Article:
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Charter Schools and Minorities
An Examination of the Effectiveness of the Charter School Concept to Date
The nation's public schools are struggling to meet the challenges presented by the No Child Left Behind mandates, and charter schools have been suggested as one approach that holds the promise of providing public schools with the tools they need to succeed. According to one authority, "The Charter School concept has the potential to utterly transform public education" (n.p.). Unfortunately, this potential has not been realized to any appreciable degree in many such charter schools to date (Schmerler, 2002). To this end, this paper will provide a review of the relevant and peer-reviewed literature to determine how well charter schools are actually serving and meeting the needs of urban students of color. A comparison of the performance of the charter schools with the performance of public schools in educating students of color will be followed by an examination of the opportunities and barriers that exist to implementing best practices in a given charter school; a summary of the research will be provided in the conclusion.
Review and Discussion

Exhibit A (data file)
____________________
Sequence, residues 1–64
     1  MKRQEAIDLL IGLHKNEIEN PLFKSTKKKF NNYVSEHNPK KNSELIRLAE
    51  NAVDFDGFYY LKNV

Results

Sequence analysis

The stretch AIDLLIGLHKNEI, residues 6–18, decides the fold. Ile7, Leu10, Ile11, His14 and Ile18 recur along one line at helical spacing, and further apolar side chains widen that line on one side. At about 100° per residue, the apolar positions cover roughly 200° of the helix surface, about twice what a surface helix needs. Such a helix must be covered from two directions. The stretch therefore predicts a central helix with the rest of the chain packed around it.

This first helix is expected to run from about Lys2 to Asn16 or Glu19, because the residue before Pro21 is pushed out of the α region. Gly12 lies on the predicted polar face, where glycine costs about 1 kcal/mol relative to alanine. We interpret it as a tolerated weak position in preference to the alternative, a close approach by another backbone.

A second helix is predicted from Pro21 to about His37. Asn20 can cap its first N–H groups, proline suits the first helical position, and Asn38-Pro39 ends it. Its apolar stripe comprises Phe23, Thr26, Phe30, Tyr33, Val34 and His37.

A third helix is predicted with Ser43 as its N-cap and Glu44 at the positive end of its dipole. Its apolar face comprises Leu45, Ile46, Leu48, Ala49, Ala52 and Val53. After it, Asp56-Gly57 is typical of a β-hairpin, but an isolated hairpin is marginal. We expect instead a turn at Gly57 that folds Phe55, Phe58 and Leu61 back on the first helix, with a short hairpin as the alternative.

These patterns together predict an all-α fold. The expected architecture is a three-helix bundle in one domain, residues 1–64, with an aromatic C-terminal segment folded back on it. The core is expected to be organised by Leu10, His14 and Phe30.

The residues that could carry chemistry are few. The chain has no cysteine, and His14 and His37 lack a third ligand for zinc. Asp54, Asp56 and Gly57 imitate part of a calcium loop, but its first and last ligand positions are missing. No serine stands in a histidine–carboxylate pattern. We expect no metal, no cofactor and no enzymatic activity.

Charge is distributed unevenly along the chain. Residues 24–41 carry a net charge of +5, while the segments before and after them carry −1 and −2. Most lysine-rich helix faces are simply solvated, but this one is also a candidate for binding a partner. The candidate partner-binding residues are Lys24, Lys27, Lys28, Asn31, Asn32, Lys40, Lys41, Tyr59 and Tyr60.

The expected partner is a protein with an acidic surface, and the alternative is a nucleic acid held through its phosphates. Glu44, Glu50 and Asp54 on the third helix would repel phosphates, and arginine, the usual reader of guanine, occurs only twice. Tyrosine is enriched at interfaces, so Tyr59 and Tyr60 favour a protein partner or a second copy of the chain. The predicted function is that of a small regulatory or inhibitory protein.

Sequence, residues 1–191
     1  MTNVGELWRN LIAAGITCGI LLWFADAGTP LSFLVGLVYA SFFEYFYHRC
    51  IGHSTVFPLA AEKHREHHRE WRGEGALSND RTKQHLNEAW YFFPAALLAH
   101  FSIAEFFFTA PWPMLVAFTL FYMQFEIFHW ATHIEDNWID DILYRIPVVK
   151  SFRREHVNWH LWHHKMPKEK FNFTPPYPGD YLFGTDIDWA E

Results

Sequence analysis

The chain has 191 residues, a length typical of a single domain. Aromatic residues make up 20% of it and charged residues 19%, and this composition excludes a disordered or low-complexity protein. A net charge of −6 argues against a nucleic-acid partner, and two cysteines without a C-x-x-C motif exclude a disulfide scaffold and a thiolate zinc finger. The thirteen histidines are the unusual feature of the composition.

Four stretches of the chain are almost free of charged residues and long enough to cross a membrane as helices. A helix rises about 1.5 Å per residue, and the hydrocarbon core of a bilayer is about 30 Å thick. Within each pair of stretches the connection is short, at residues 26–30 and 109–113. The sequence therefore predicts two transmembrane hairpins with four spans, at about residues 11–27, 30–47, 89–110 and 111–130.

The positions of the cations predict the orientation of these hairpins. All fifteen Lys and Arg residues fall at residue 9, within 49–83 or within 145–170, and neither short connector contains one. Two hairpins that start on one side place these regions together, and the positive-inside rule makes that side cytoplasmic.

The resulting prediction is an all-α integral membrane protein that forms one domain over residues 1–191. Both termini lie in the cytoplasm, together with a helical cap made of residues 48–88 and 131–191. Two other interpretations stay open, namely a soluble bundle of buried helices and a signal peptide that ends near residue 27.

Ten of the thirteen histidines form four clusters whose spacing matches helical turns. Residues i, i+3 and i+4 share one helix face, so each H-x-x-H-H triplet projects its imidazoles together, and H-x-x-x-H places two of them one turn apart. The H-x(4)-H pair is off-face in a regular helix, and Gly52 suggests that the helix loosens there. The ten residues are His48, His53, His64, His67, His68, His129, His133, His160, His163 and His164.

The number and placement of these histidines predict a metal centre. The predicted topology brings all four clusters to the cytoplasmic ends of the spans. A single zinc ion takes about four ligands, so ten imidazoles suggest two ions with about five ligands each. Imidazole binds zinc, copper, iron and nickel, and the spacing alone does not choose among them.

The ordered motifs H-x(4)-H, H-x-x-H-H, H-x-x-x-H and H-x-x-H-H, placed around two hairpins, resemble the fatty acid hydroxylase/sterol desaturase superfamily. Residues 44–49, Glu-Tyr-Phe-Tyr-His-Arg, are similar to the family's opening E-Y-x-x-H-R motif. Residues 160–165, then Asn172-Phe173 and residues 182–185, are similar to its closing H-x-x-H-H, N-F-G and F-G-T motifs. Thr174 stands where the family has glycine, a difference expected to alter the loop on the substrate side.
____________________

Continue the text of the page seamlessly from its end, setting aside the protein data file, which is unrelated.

Background and Overview. In sum, a charter school provides a framework in which a group of teachers, parents, or other stakeholders with comparable interests and views about education to organize and operate a school; the authorizing governmental body that grants charters can be a local school district, by the state, or by the national government (Anderson & Wohlstetter, 1994). Since the original charter school legislation was enacted in 1991, there has been a growing amount of interest generated by the possibilities inherent in this network of more autonomous public schools (Anderson & Wohlstetter, 1994). According to Ferraiolo, Hess, Maranto, and Milliman (2004), as of January 2003, there were approximately 2,700 charter schools operating in 36 states and the District of Columbia, providing services to more than 684,000 students; further, 30 states already had charter schools in operation as of September 1999. A survey completed by the Public Agenda Foundation that same year, though, showed that the majority of Americans had only the vaguest concept of what the term charter school meant (Brouillette, 2002). The charter school movement is based on the fundamental tenets that schools should be accountable to their stakeholders and open to any student wanting to attend; the movement has attracted a number of proponents as well (Boyd & Nathan, 2003). For example, according to Connecticut Democratic Senator Joseph Lieberman: "Competition from charter schools is the best way to motivate the ossified bureaucracies governing too many public schools. This grass-roots revolution seeks to reconnect public education with our most basic values: ingenuity, responsibility, and accountability"; likewise, an Arizona official called charter schools "the most important thing happening in public education" (Finn, Mann & Vanourek, 2000, p. 13). These authors define a charter school as "a new species, a hybrid, with important similarities to traditional public schools, some of the prized attributes of private schools -- and crucial differences from both. According to Heise and Ryan (2002), a charter school is some type of combination of public and private schools; they are authorized by state statutes, the schools are publicly funded, tuition-free, nonsectarian schools that operate pursuant to a contract between the school and the chartering agency, which is the local school board, a state agency, or a state-designated agency.